There is a name whispered in opposition circles in Syria -- an insurance policy against what after three years of conflict seems inevitable. If you are injured very badly, there are two imperatives: Get to the Jordanian border. Then, get to Umm ‘Abdallah.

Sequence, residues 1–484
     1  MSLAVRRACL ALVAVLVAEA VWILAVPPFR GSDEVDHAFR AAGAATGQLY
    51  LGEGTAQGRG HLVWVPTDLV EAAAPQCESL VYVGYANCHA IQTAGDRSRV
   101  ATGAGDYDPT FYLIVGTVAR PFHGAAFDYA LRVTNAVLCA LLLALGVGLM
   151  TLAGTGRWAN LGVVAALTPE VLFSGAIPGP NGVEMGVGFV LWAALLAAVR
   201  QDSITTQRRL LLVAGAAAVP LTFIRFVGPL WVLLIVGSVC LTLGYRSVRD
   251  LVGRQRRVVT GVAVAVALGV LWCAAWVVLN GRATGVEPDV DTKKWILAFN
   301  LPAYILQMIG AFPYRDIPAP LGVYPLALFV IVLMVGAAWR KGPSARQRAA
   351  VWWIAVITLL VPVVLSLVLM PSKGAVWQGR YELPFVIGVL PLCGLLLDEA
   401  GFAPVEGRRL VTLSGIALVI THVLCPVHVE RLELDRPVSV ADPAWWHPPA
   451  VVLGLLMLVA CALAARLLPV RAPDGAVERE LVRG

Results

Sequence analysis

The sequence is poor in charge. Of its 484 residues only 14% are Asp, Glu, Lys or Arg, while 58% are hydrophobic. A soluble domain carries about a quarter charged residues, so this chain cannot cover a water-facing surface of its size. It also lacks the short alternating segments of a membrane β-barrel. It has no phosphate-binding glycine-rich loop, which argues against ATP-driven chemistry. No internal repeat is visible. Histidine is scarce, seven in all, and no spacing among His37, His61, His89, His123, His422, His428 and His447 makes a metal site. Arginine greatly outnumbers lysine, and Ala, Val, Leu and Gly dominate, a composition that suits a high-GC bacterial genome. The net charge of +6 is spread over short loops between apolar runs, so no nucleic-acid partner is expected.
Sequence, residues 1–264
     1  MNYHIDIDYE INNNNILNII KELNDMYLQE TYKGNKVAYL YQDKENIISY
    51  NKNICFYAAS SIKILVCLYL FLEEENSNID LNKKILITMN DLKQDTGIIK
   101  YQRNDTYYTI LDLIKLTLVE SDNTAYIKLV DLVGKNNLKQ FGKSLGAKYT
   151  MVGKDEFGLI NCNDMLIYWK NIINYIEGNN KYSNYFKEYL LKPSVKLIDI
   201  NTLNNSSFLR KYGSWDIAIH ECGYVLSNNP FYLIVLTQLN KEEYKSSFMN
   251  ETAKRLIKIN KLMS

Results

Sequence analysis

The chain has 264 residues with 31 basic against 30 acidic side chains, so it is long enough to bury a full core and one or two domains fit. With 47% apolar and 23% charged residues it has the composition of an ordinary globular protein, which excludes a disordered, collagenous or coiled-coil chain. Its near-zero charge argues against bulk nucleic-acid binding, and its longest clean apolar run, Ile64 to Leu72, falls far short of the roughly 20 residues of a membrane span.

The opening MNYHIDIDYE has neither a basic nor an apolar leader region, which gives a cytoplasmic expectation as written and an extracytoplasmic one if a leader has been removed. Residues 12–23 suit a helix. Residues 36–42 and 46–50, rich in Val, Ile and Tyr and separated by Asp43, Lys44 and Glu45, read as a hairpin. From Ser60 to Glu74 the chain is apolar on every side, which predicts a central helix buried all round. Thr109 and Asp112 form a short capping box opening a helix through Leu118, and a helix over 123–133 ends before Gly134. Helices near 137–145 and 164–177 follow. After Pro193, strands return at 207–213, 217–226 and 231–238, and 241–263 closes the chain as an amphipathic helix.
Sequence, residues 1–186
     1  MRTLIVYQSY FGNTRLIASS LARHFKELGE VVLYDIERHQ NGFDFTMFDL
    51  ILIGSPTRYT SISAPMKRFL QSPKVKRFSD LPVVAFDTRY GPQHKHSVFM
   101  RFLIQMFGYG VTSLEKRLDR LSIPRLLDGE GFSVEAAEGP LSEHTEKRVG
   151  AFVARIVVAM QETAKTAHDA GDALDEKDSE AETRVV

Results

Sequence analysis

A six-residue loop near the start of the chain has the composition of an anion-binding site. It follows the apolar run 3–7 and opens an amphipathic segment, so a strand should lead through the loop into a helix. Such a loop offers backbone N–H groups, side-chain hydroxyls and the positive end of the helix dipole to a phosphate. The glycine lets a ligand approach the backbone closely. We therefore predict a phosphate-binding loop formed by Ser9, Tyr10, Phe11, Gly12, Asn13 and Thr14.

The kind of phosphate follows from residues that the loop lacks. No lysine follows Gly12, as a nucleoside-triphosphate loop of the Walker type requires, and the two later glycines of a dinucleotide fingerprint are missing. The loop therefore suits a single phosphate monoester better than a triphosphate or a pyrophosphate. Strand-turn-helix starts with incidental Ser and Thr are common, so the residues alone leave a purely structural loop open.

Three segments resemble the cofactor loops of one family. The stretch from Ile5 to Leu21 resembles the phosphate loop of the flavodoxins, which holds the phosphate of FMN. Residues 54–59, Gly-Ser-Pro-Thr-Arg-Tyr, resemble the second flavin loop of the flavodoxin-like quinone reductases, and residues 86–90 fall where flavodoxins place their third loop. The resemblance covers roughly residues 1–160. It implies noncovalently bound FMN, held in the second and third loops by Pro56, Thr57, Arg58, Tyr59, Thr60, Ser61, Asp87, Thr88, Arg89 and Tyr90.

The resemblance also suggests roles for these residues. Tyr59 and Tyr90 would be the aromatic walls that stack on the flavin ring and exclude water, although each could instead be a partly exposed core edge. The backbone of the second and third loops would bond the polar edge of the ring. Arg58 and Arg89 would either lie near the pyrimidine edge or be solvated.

“She’s the one,” says Muhammad ‘Ali Shamboun, a limping young man from Dar‘a now living in Amman. He motions to the unimposing woman, about ten feet away, whose succor he has been awaiting for two years. “If she says, ‘Do this operation,’ it’s done.”